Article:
The Dunedin Consort are one of the jewels in Scotland’s cultural life. They are the leading baroque ensemble in Scotland—arguably in Britain—and they have been the recipients of numerous awards, including Gramophone’s record of the year twice, in their twenty years of existence. Therefore, the classical music scene was shocked when their funding was cut in Creative Scotland’s latest controversial budget. No one can understand the thinking behind Creative Scotland’s plans, and already two board members have resigned in protest at their decisions, whilst other critics have suggested the wholesale sacking of the board and the chief executive, Janet Archer.
What, you might say, has this got to do with a concert review? The answer lies in its title, Coffee and Enlightenment. This picks up on what happened in Bach’s time in the 18th century, when coffee houses were at the centre of political and cultural debate in Germany. Also, of course, Scotland was at the centre of the Enlightenment, with great Scottish thinkers, such as Adam Smith and David Hume, regularly in contact with European thinkers. Edinburgh and Glasgow also had regular “salons” where the ideas of the time were debated.
The relationship and importance of music to culture was very much part of the debates in the salon. Therefore, it is entirely appropriate that the decision to cut the grant to the Dunedin Consort became the central question in the “coffee house” discussion during interval of the concert. Muir Russell, the chair of the board of the Dunedin Consort (and former top civil servant in Scotland) raises it in his introduction to the concert, and it is a central feature of the discussion in the coffee interval, led by both philosopher, Tom Jones, from the University of St Andrews, and John Butt, the conductor of the Dunedin.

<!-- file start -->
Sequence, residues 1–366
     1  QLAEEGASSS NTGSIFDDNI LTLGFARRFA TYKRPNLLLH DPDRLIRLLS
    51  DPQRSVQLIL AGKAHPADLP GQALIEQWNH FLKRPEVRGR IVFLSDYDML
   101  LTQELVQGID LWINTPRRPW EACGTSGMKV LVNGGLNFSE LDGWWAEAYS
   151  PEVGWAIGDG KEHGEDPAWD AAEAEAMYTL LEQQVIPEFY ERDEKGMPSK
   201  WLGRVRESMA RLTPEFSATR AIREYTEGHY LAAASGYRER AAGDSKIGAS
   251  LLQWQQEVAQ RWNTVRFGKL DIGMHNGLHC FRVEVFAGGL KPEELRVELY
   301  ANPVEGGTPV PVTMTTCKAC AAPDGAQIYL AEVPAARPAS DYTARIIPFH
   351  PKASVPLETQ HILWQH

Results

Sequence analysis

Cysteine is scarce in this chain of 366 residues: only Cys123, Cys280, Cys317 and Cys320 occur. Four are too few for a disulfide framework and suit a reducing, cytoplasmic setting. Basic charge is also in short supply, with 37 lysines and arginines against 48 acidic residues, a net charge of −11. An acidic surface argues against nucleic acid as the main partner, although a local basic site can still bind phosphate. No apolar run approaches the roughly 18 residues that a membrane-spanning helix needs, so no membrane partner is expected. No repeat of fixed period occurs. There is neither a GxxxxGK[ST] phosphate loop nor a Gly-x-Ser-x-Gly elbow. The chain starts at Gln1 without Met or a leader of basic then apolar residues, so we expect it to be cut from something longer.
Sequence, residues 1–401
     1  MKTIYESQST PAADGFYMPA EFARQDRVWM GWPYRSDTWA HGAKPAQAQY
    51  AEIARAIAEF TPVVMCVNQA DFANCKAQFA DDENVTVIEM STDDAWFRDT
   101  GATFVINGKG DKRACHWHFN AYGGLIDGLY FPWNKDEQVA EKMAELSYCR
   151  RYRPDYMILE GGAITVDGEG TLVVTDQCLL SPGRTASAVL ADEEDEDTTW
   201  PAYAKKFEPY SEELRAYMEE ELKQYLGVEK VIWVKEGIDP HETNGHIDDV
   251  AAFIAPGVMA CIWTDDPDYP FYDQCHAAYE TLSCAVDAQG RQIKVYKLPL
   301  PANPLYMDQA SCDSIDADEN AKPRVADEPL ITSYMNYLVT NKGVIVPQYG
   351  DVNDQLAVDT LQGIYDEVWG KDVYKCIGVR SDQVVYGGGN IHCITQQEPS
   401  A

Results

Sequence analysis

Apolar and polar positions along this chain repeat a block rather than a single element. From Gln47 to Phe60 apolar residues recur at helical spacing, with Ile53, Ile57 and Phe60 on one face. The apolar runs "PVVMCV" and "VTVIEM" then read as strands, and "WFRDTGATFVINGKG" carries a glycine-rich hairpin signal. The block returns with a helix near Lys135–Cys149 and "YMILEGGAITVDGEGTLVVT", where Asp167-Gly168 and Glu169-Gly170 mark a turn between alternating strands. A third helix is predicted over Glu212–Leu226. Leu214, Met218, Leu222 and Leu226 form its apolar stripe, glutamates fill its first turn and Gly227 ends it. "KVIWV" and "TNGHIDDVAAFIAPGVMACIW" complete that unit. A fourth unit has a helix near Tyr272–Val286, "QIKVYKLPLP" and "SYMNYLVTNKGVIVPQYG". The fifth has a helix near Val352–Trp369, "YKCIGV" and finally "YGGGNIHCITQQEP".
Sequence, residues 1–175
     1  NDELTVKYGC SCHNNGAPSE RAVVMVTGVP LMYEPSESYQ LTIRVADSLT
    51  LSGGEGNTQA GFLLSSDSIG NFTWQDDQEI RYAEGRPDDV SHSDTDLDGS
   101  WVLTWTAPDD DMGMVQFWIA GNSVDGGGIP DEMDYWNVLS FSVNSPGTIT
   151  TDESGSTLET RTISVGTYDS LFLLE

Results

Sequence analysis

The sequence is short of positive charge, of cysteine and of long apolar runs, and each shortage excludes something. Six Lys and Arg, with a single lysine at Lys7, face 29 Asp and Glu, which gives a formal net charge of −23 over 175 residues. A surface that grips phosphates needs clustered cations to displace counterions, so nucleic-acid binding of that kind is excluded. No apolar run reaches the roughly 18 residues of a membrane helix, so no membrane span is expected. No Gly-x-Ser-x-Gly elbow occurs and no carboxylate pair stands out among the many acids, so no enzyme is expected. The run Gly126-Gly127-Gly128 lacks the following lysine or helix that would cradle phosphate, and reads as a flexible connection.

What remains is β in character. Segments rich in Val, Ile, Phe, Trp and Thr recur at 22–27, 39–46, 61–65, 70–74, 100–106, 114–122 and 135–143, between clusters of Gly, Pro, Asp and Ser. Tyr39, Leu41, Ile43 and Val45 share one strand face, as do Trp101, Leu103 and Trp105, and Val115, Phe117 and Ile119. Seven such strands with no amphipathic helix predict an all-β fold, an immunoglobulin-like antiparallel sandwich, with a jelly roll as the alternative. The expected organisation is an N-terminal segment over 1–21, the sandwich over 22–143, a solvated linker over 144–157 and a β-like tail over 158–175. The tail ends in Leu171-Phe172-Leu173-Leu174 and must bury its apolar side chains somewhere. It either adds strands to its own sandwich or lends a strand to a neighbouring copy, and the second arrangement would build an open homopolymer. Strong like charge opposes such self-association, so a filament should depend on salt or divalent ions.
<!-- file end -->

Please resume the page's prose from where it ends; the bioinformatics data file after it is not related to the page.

Tom Jones outlines the relationship between the ideas of the Enlightenment and the culture of the period, and your critic suggests that we should harness the passion of the music to inspire us to intervene in the debate, by writing letters and lobbying our representatives to reverse the cut in the Dunedin’s funding.
The concert itself is sublime. It begins with a very fine bassoon concerto by Graupner, a contemporary of Bach’s. It is a very difficult work, but is superbly played by Irish bassoonist, Peter Whelan. The concert continues with a wedding song by J.C. Bach, one of J.S. Bach’s musical children. The song is superbly sung by international star soprano, Joanne Lunn, and is perhaps the lustiest Bach song ever heard! The first half of the concert concludes with a short work by Georg Muffat, a French composer (but from a Scottish family), and it provides a lively introduction to our coffee interval debate.
After our lively coffee and biscuits debate, the concert resumes with another work by Muffat, the Sonata No. 2, which is full of wonderful melodies. Indeed, its melodies are so good that Handel borrowed one for his opera, Agrippina! Finally, the concert concludes with a lovely wedding cantata by J.S. Bach, which is just as amorous as that by his son in the first half. Lunn sings it beautifully with great dramatic presentation, and it gets a great response from the packed audience at the City of Edinburgh Methodist Church in Nicolson Square, so much so that Butt gives us the last aria as an encore.
So this innovation of a Coffee Concert, with ideas and debate, is a great success. What a pity it also marks a threat to the continued Scottish performances of the Dunedin Consort. As Butt says, “people all over the world will wonder what is wrong with a country that doesn’t recognise the quality of our music, which is celebrated everywhere.” However, this story hasn’t been concluded yet—Creative Scotland is holding emergency meetings: watch this space!